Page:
Bruce Clark's wind flower

Jordan High School students sailing on board Bruce Clark's Wind Flower in the annual "Panthers at Sea" day.

Living in Long Beach, many believe every child living here should be “water friendly” and be able to enjoy our local waters. One program that provides that is Panthers at Sea, where local boaters provide an on-the-water experience for Long Beach Jordan High students.

Saturday, May 11, the annual Panthers at Sea Day Sail took place with 75 Jordan students participating. Co-Chair James Townes II, Jordan High teachers Linda Bueno-Alahwal, Carlos Cooper along with 15 skippers, boats and crew all volunteered to make this a positive experience. The program is designed to reward students with a day sail to learn about sailing, boat handling and basic knowledge of boating.

Many of the students had not been on the water before.

Each year, the boats are provided for the day by boat owners from local yacht clubs, including Shoreline, Seal Beach, Alamitos Bay, Long Beach, The US Sailing Center and Long Beach Singles. Funds for supplies such as lunches, T-shirts, water, etc. are raised through donations. After the students returned from their day on the water and were on the buses back to Jordan, a burger bash was cooked for skippers and volunteers at the Seal Beach Yacht Club.

According to Dave Ferling, the program started in 1995 by David Braunstein, a teacher at Jordan High and member of Long Beach Singles Yacht Club, with the help of the Long Beach Marina Boat Owners Association.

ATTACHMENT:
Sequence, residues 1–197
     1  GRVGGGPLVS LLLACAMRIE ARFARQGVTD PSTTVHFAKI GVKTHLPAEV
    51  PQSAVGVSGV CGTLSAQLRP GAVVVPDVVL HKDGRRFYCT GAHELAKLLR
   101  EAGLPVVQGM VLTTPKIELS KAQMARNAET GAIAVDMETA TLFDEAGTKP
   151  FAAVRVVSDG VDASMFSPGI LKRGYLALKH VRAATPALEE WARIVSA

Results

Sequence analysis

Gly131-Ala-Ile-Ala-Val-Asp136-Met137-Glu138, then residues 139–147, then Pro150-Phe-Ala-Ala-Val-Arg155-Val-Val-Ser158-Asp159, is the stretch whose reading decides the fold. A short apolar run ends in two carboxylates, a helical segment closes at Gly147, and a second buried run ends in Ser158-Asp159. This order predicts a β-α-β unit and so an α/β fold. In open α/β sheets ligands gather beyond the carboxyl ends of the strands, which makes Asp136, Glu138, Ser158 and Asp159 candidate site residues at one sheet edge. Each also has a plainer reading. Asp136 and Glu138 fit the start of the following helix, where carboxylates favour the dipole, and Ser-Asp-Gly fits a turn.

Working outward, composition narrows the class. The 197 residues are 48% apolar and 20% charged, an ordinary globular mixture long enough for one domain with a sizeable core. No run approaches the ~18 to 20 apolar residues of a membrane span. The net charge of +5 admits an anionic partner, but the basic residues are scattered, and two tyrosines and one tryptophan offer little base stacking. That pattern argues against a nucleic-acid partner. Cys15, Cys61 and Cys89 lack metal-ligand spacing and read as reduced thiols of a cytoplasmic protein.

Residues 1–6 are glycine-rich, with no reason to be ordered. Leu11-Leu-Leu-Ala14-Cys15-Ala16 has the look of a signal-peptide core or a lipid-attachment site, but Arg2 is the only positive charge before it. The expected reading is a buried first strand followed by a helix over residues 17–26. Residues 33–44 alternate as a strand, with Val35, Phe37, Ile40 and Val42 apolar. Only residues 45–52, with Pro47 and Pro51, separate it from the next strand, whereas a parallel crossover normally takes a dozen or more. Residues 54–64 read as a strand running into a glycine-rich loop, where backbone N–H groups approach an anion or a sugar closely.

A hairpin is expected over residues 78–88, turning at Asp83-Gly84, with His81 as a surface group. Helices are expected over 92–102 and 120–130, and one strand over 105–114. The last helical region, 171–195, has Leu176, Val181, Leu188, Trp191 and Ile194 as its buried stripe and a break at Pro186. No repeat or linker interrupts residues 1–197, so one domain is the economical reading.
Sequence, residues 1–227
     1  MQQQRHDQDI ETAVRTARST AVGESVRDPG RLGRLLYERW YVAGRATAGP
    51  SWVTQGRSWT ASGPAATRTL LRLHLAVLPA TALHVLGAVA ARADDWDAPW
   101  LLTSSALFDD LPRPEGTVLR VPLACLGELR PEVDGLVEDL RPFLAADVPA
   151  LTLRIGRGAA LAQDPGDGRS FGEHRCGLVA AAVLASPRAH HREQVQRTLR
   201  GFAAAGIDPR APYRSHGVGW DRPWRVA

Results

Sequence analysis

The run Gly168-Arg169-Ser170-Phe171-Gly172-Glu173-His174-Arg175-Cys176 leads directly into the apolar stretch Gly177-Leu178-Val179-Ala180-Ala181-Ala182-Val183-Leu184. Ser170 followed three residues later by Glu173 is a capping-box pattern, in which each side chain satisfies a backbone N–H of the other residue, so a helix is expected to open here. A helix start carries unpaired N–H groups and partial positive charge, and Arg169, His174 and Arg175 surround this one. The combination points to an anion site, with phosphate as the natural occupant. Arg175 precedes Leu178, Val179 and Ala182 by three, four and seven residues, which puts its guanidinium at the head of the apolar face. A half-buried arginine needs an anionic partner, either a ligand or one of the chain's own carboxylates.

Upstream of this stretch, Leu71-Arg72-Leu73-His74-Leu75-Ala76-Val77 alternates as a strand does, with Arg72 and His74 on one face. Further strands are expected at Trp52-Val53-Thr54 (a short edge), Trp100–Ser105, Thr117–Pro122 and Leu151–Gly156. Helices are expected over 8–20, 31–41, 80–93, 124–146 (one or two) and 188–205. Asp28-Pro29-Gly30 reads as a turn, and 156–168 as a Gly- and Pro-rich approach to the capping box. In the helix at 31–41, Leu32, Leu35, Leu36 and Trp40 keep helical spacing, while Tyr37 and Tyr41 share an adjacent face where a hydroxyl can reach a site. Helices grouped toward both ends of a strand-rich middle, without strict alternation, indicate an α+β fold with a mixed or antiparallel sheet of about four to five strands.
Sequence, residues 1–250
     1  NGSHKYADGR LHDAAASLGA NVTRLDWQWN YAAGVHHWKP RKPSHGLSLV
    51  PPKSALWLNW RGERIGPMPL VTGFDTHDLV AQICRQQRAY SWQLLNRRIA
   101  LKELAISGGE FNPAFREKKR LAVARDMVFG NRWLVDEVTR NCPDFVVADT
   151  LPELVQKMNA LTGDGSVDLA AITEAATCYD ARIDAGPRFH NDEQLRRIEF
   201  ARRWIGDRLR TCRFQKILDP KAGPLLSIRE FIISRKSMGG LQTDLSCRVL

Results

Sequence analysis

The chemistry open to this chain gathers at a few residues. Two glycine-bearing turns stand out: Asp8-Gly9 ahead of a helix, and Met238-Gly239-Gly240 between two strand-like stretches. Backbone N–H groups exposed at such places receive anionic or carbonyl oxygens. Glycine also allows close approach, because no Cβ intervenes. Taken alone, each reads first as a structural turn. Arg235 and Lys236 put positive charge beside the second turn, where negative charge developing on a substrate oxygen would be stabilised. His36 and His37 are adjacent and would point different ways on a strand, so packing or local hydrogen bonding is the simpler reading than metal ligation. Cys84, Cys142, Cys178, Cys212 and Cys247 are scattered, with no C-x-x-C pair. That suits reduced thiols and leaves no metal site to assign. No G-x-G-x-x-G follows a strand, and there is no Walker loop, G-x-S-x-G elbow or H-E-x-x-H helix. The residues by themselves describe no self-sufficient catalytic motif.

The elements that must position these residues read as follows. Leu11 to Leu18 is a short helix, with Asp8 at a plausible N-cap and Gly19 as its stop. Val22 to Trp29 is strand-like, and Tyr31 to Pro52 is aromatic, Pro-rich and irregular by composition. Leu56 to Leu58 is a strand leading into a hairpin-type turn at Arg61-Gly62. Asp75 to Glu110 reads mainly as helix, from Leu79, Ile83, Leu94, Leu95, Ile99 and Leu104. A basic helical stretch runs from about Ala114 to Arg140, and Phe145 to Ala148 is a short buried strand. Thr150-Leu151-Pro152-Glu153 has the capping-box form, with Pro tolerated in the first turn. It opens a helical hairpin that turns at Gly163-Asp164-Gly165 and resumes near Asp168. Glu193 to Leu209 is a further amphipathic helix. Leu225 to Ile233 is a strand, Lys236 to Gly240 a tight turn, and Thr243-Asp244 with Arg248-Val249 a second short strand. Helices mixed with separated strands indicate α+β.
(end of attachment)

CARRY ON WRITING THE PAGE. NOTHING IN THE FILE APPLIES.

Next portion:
Alamitos Bay Yacht Club long has been a proponent of finding a way to get young people out on the water. Their Junior Program has been known as one of the best and club membership is not required.

The club hosts legendary regattas on holiday weekends and Memorial Day was no exception. The tradition continued last weekend with a great band, juicy burgers and stellar race management. The results were electronically posted and displayed on a big screen, and competitors received text message reminders regarding protests.

The different fleets let sailors of all skill levels compete — something especially attractive for young emerging sailors.

But what about the grown-ups?

The newly established Adult Sailing Program at the Alamitos Bay Yacht Club (ABYC) is a joint venture between the ABYC Tempest fleet and the club. Last year, ABYC started operation at the club by offering a high-quality program featuring private lessons provided by experienced, certified instructors.

An ABYC member since 1989, Dominic Meo III saw a gap in basic keelboat instruction for sailors who wanting to start racing and helped form the United States International Tempest Association as a nonprofit organization dedicated to teaching high-performance keelboat racing.

The basic program offers 25 hours of instruction over four consecutive Saturdays. This includes about 11 hours of onshore instruction and about 14 hours of on-water instruction. Instruction is supervised by instructors who are certified by the American Sailing Association (ASA). Graduates receive a certificate from ASA for completing ASA-101 Basic Keelboat Sailing.

Students are on the helm starting day one, receiving private instruction on steering the boat and trimming the sails. After four on-water Saturday classes, and sailing the boat for about 10 hours, they are certified.

According to Meo, “Most sailing schools which offer a four-week program typically have three to four students in each boat. This means that by the end of the program, each student will have had about 3 hours or less steering the boat, the most important part of learning how to sail. We simply do not believe anyone can learn how to sail with 3 hours or less on the tiller, no matter how hard they try.”

The cost of instruction is $450 for ABYC members, $875 for non-members and more information can be found at

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